The only thing entertaining about the unedifying scramble for knighthoods and damehoods by the best and brightest of the Helen Clark decade, is the tortured rationalising or embarrassed silence of those who should know better.

All this humbug about doing it for sport, for education, for literature, for the wife. Wouldn't it be refreshing to hear one of them stand up and confess it's all about vanity.

It comes as no surprise that 12 judges are among the 72 who have rushed to trade in their non-titular, made-in-New Zealand honour, for a royal title. The judiciary kicked up rough when the antiquated title system was discarded back in 2000, claiming it was one of the perks of office.

Like el cheapo overseas air travel for retired MPs. Among the new legal knights is retired judge Eddie Durie. Does that, I wonder, make his stroppy lawyer wife, Donna Hall, a Lady?

Putting the judges pay package to one side, what is depressing is the number of liberal, New Zealand nationalists, who, like chooks in the hen house, couldn't wait to accept a leg up from the British Queen to set themselves one perch above their fellow citizens.

People like one-time Alliance politician and Dunedin mayor Sukhi Turner, former Labour minister Margaret Shields, theologian Lloyd Geering, woman's rights campaigner Margaret Sparrow, former Privacy Commissioner Bruce Slane, lawyer and liberal activist Deirdre Milne and pioneering historians of New Zealand's colonial past Judith Binney and Claudia Orange. As well as distinctive New Zealand artists like Robin White and Peter Siddell.

More than 60 years ago, poet Allen Curnow penned his much quoted lines, "Not I, some child, born in a marvellous year, will learn the trick of standing upright here". He was musing on the great moa skeleton in Canterbury Museum and the extinct bird's "failure to adapt on islands".

By inference, he was looking forward to a time when New Zealanders had abandoned the colonial cringe and stood comfortably and proudly in their own South Pacific skins.

The decision in 2000 to drop the archaic, class-based British titles system was a leap forward in that process. Those honoured under the new indigenous awards - my contemporaries - were, I felt, being honoured as leaders in the struggle to stand upright.

They were people I respected. That they could be bought off so cheaply with a bit of imperial frippery both shocks and saddens me. If our cultural leadership can succumb so easily to the temptation to play the British lord and lady, what chance of us ever growing up and standing tall.

New Zealand is one of the world's oldest democracies. It was the first to give women the vote. Surely it's time we acted our age.

In March, when Prime Minister John Key announced the return of knighthoods, it was soon pretty clear he would be knocked over by those rushing to accept. I predicted the resulting investiture risked becoming a Moonie mass-marriage. A hunt by journalists for refuseniks produced thin pickings. Initially only three names emerged out of the 85. I praised them, two writers, Lynley Hairy Maclary Dodd and Patricia Grace and Catholic educator Sister Pauline O'Regan, for refusing the trade-in offer.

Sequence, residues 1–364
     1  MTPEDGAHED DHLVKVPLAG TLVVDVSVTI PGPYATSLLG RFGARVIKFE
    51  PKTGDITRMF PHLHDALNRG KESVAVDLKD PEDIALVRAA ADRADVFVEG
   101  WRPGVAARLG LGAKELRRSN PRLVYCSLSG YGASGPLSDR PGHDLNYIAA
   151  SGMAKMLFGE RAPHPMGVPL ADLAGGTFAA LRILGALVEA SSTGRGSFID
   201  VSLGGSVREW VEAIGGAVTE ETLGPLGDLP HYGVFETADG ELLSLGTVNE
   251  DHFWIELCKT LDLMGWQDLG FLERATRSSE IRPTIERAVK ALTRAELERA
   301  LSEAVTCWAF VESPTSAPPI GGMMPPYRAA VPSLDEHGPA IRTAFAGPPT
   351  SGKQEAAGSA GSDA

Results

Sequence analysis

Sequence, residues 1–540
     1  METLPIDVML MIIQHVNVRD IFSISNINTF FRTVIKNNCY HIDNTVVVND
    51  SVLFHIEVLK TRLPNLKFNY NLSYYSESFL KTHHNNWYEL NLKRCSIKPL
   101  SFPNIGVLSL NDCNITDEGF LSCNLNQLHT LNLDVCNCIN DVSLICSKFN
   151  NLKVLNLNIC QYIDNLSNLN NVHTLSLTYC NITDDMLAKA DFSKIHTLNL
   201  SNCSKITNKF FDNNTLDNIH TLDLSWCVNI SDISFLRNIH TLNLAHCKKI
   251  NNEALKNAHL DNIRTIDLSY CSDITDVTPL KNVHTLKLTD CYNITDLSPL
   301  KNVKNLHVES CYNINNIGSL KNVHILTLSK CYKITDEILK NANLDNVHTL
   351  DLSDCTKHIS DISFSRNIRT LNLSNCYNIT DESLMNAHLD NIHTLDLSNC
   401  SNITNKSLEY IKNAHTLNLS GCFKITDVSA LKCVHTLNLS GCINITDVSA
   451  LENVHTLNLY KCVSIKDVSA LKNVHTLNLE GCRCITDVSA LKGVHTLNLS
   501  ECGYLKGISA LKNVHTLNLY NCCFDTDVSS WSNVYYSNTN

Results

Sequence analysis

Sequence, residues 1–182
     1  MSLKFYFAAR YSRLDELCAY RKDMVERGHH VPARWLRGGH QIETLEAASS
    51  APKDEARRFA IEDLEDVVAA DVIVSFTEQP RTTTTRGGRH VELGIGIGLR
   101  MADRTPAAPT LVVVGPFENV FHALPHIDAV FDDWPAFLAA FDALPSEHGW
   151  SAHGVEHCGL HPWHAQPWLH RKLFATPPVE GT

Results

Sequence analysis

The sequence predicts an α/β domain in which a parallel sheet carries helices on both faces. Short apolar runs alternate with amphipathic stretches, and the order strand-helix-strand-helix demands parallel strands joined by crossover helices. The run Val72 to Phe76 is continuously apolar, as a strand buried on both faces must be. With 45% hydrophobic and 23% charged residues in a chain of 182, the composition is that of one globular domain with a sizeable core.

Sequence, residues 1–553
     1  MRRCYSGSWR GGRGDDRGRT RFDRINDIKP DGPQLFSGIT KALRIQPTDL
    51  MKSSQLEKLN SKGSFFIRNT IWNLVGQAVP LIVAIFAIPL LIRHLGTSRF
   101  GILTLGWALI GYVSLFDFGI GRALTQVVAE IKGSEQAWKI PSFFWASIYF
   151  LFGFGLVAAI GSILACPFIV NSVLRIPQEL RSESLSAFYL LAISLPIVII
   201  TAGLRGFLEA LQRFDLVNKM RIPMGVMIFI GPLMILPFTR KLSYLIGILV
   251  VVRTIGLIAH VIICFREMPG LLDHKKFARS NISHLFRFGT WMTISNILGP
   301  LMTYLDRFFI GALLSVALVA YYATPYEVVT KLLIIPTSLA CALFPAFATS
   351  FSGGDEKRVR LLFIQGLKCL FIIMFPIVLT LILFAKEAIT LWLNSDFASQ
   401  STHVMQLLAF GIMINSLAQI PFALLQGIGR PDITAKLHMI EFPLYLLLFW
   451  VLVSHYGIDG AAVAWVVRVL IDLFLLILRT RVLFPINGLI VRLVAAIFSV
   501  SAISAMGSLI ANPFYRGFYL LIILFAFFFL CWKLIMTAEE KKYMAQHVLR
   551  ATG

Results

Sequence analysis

Amusingly, Ms Dodd was on my phone when I arrived for work the next day telling me there'd been a terrible misunderstanding. I'd based my back-patting on a Dominion Post front page story quoting her saying she was too old to change her ways. It seems the reporter had tracked down the wrong Lynley, an elderly lady who, rightly confused, said no thanks, she was too old to change her ways and become a Dame. The true Ms Dodd insisted she had not had time to make up her mind. Yea right.

In 10 days, the 72 new knights and dames will file into Old St Paul's in Wellington, tiaras glittering, rented tuxedos scratching, discarding their indigenous honours in the recycling bin as they go in. Is it coincidence that Old St Paul's, with its imperial battle flags, is the closest the capital has to Westminster Abbey.

In a secular, independent nation, surely Parliament's grand hall or Wellington's Town Hall would be more appropriate. And more egalitarian. The Prime Minister said the ceremony would be "a real celebration of success". He added that "I also respect those who chose not to change their status. This is about people exercising their choice."

Yes, but the choice they've made is not any cause for celebration. It's exercising a choice to retreat back to an empire that died with World War II.

The only celebrating I will be doing at the time is raising a glass to the refuseniks, the 11 honorees who have chosen to stand upright in 21st century New Zealand. What a fine proud assemblage of fellow citizens they are: potter Len Castle, writers Witi Ihimaera-Smiler, Vincent O'Sullivan, Joy Cowley, Patricia Grace, academic, writer and veteran stirrer Ranginui Walker, actor, Sam Neill, community worker Sister Patricia Hook, former bishop of Dunedin Penny Jamieson, educationalist Sister Pauline O'Regan and former speaker of Parliament Margaret Wilson.

Mr Key says he's looking forward to congratulating the new knights and dames. I prefer to salute the more select group.